Last Friday, before July 4th, I ran some numbers on the SPY exchange traded fund, looking at backcasts from the EVPA (extreme value prediction algorithm) for the Monday and Tuesday before, when Greece kept the banks closed and defaulted on its IMF payment. I also put up a ten day look forward on the EVPA predictions.
Of course, the SPY is an ETF which tracks the S&P 500.
The EVPA predicted the SPY high and low would drop at the beginning of the following week, beginning July 6, but seemed to suggest some rebound by the end of this week – that is today, July 10.
Here is a chart for today and next week with comments on interpreting the forecasts.
So the EVPA predicts the high and low over the current trading day, and aggregations of 2,3,4,.. trading days going forward.
The red diamonds in the chart map out forecasts for the high price of the SPY today, July 10, and for groups of trading days beginning today and ending Monday, July 13, and the rest of the days of next week.
Similarly, the blue crosses map out forecasts for the SPY low prices which are predicted to be reached over 1 day, the next two trading days, the next three trading days, and so forth.
Attentive readers will notice an apparent glitch in the forecasts for the high prices to come – namely that the predicted high of the next two trading days is lower than the predicted high for today – which is, of course, logically impossible.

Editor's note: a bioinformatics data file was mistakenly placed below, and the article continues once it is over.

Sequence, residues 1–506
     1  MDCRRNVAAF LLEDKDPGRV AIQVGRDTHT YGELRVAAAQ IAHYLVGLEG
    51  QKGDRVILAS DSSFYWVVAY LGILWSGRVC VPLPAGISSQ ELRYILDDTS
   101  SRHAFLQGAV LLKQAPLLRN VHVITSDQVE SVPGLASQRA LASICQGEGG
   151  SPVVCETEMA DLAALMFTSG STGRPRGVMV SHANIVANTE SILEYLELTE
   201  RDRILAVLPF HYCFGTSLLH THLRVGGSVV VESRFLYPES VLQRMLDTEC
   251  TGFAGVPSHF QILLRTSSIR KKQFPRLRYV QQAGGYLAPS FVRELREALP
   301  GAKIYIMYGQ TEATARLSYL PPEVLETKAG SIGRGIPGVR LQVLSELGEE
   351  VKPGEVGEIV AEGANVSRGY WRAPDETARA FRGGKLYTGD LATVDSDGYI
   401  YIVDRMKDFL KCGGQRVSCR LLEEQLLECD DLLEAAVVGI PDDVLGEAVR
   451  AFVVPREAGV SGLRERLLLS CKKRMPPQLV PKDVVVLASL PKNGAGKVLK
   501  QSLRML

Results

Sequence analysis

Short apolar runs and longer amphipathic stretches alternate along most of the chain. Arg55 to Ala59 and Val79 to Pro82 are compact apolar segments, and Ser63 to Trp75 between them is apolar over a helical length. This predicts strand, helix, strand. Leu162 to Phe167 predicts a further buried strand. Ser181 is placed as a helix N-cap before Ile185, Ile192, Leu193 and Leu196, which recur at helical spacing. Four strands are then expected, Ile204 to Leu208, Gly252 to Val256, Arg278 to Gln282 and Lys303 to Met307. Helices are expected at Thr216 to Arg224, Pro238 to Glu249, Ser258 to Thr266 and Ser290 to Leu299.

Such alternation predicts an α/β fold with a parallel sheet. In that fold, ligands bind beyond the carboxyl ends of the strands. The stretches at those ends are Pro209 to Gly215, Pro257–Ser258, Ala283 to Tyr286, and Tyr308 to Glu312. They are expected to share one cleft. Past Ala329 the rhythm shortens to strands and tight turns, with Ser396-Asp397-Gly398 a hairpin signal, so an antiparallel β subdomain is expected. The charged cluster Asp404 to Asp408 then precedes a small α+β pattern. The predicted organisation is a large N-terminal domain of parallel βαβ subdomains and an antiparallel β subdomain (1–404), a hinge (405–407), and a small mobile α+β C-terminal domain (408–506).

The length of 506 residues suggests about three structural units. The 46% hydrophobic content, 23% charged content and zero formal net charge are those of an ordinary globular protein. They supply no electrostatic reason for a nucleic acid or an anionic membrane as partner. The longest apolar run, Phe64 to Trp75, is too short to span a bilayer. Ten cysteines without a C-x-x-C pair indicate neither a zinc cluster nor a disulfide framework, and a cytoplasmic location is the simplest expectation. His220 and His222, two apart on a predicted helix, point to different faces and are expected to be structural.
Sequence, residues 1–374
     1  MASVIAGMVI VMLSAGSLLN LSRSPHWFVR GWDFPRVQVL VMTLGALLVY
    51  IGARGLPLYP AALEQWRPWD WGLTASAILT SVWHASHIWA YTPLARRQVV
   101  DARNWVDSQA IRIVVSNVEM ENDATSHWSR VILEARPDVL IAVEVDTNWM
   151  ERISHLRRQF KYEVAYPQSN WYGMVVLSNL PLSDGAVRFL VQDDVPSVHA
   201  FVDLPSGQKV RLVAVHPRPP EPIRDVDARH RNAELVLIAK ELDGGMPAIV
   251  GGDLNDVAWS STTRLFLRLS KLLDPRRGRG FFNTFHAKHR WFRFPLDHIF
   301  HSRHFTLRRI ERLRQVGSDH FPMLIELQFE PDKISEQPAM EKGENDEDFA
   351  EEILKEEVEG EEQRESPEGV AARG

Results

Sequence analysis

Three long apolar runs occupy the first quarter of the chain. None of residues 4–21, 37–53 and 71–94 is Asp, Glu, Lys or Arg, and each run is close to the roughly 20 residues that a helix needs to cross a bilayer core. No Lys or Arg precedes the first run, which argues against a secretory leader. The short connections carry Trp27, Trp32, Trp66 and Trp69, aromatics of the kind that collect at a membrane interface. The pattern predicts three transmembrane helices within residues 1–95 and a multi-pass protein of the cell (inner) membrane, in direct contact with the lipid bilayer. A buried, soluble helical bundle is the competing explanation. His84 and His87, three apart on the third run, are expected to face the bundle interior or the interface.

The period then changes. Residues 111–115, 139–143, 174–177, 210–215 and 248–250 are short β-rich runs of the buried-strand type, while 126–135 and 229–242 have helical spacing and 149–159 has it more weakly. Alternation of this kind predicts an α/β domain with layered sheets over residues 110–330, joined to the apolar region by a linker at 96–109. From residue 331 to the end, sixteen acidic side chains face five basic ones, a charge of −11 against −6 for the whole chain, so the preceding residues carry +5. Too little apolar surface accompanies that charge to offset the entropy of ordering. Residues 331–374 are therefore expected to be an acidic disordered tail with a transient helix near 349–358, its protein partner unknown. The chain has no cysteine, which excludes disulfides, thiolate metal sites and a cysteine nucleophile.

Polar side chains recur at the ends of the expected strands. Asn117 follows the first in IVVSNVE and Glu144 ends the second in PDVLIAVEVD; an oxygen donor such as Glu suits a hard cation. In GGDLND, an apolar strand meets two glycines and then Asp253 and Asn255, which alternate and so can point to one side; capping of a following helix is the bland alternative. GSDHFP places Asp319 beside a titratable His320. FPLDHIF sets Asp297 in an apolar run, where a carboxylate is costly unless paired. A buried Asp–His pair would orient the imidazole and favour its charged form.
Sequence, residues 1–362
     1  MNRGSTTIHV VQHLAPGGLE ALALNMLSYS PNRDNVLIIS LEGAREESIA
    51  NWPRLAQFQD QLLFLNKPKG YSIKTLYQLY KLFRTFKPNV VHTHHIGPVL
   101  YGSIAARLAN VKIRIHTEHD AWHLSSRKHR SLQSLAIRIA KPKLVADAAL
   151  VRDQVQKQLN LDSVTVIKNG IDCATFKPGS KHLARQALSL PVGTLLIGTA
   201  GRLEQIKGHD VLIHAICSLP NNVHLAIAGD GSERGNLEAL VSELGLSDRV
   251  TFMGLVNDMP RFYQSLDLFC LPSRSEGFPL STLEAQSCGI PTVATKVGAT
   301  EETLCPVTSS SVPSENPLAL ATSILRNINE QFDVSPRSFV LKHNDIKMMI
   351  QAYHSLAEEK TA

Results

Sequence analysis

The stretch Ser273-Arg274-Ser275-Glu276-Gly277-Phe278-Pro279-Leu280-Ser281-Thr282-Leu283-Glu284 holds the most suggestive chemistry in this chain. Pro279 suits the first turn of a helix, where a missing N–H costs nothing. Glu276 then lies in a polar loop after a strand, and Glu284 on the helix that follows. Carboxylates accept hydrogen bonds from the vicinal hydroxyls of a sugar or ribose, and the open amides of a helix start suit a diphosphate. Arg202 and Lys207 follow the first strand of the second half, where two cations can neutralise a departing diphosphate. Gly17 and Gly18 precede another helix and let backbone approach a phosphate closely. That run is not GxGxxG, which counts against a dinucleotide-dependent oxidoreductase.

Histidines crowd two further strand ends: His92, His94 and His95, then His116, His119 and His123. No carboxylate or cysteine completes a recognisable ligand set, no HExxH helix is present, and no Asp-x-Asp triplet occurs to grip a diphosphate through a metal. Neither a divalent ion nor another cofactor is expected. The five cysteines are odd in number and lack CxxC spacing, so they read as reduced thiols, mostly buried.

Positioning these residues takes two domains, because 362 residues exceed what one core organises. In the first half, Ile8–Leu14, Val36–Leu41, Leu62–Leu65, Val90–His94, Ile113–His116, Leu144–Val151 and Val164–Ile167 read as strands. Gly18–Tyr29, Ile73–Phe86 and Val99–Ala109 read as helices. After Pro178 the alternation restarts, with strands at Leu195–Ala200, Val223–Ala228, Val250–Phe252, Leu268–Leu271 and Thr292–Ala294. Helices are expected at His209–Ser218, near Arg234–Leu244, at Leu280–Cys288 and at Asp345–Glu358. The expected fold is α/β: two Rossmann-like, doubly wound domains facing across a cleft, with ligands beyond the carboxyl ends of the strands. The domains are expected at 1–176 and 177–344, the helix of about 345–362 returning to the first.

But, hey, this is econometrics, not logic, and what we need to do is interpret the output of the models against what it is we are looking for.
In this case, a solid reduction in the predicted high of the coming two day period, compared with the prediction of today’s high signals that the high of the SPY is likely to be lower Monday than today.
This is consistent with predictions for the low today and for the next two trading days shown in blue – which indicates lower lows will be reached the second day.
Following that, the EVPA predictions for higher groupings of trading days are inconclusive, given statistical tolerances of the approach.
Note that the predictions of the high and low for today, Friday, July 10, are quite accurate, assuming these bounds have been reached by this point – two o’clock on Wall Street. In percentage error terms, the EVAP forecasts are over-forecasting 0.3% for the high and 0.2% for the low.
Again, the EVPA always keys off the opening price of the period being forecast.
I also have a version of the EVPA which forecasts ahead for the coming week, for two week periods, and so forth.
Leading up to the financial crisis of 2008 and then after the worst in October of that year, the EVPA weekly forecasts clearly highlight turning points.
Currently, weekly forecasts going up to monthly durations do not signal any clear trend in the market, but rather signal increasing volatility.